"It is disclosed in EP 1007101 A2 that polymer microspheres can be useful in the treatment of embolisation. Embolisation involves the introduction of embolic agents into the arteries feeding a tumour to starve it of its nutrients and oxygen. Drug eluting beads have been developed which in addition to the ischemia induced by the device, administer a concomitant dose of a chemotherapeutic drug, locally to the tumour in a sustained fashion, reducing systemic exposure and maximising drug levels in the tumour (see, for instance, WO 04/071495). There is evidence from pre-clinical tumour models, that embolisation alone may induce hypoxia in the tumour which in turn can initiate a number of pro-survival pathways via activation of hypoxia-inducible factor 1.alpha. (HIF-1.alpha.), leading to a more malignant phenotype with increased drug resistance and pro-angiogenic responses (Liang, B., et al., Correlation of hypoxia-inducible factor 1 alpha with angiogenesis in liver tumors after transcatheter arterial embolisation in an animal model, CVIR, 33, (2010) 806-812).
"The prior art has failed to disclose the use of hydrogel microparticles or microspheres containing disulfide groups for the controlled delivery of drugs in hypoxic environments."
In addition to obtaining background information on this patent application, NewsRx editors also obtained the inventors' summary information for this patent application: "In accordance with a first aspect of the invention, there are provided microparticles comprising a gel body, wherein the get body comprises a synthetic polymer and a drug, wherein the microparticles have an average diameter in the range 40 to 1500 .mu.m, wherein the polymer is cross-linked by groups comprising disulfide linkages and is in the form of a hydrogel.
"In accordance with a second aspect of the invention, there are provided microparticles for use in a method of treatment by embolisation, wherein the microparticles comprise a polymer and a drug, wherein the polymer is cross-linked by groups comprising disulfide linkages, and in the treatment drug is released.
"In accordance with a third aspect there are provided microparticles having an average diameter in the range 40-1200 .mu.m comprising a polymer and a drug, wherein the polymer is cross-linked by groups comprising disulfide linkages, and the polymer is a vinyl alcohol polymer.
"In accordance with a fourth aspect there are provided microparticles having an average diameter in the range 40-1200 .mu.m comprising a polymer and a cationically charged drug, wherein the polymer is cross-linked by groups comprising disulfide linkages, wherein each cross-linking group comprises 2 anionically charged groups arranged symmetrically about the disulfide unit, wherein said anionically charged groups are electrostatically associated with the drug.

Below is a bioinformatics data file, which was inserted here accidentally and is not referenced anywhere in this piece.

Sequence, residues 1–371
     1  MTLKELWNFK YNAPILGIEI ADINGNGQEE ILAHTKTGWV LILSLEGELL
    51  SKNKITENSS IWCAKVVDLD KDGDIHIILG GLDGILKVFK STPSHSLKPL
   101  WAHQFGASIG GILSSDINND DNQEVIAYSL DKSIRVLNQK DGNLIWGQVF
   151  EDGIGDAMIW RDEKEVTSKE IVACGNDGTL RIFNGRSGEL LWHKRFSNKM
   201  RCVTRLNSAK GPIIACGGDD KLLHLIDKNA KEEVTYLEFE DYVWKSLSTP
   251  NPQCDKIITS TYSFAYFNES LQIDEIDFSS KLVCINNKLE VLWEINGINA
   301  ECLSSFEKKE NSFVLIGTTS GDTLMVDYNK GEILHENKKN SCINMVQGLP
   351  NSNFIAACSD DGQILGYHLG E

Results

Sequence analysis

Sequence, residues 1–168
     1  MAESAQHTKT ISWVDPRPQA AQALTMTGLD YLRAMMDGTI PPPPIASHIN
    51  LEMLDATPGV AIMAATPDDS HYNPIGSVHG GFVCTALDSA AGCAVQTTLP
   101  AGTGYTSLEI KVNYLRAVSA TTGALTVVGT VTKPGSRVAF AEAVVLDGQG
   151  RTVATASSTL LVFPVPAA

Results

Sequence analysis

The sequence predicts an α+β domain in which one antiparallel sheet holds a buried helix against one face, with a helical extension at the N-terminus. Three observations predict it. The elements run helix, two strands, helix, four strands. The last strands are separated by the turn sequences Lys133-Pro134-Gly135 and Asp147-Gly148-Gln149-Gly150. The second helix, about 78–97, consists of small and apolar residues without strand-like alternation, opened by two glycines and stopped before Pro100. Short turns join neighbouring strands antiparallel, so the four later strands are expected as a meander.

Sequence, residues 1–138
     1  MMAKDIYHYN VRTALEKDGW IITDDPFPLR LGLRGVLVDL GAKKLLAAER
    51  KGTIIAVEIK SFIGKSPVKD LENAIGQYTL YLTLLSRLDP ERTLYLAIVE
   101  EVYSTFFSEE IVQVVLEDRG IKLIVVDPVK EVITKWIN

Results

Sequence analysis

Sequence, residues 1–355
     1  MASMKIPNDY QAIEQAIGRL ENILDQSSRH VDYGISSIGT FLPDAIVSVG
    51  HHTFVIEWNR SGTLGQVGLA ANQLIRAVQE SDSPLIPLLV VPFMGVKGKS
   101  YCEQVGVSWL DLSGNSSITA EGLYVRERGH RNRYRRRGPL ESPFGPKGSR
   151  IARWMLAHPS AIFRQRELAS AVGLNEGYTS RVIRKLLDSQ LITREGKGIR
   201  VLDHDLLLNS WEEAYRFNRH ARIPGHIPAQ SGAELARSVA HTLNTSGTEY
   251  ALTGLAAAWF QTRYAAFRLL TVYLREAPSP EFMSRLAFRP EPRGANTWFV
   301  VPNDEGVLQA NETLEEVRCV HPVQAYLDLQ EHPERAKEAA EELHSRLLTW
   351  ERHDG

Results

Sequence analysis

"In accordance with a fifth aspect there are provided microparticles having an average diameter in the range 40-1200 .mu.m comprising a polymer and a drug, wherein the polymer is cross-linked by groups comprising disulfide linkages, for use in a method of treatment of a tumour.
"The present invention provides a novel drug delivery system useful in the chemoembolotherapy of solid tumours. The system is composed of polymer microparticles containing disulfide cross-links within the structure. The rate of drug release from the microparticles is altered when the tumour becomes hypoxic, leading to an increased release of drug as the disulfide cross-links cleave within the reductive environment of the tumour. The present invention may be used for the local targeting or tumours by either direct intratumoural administration or delivery into the tumour vasculature via an intra-arterial route."
For more information, see this patent application: Ashrafi, Koorosh; Lewis,
Keywords for this news article include: Ions, Alcohols, Cysteine, Genetics, Hydrogel, Oncology, Treatment, Chalcogens, Disulfides, Electrolytes, Sulfur Amino Acids, Cancer Gene Therapy, Inorganic Chemicals, Neutral Amino Acids, Polyethylene Glycols, Sulfhydryl Compounds, Drug Delivery Systems,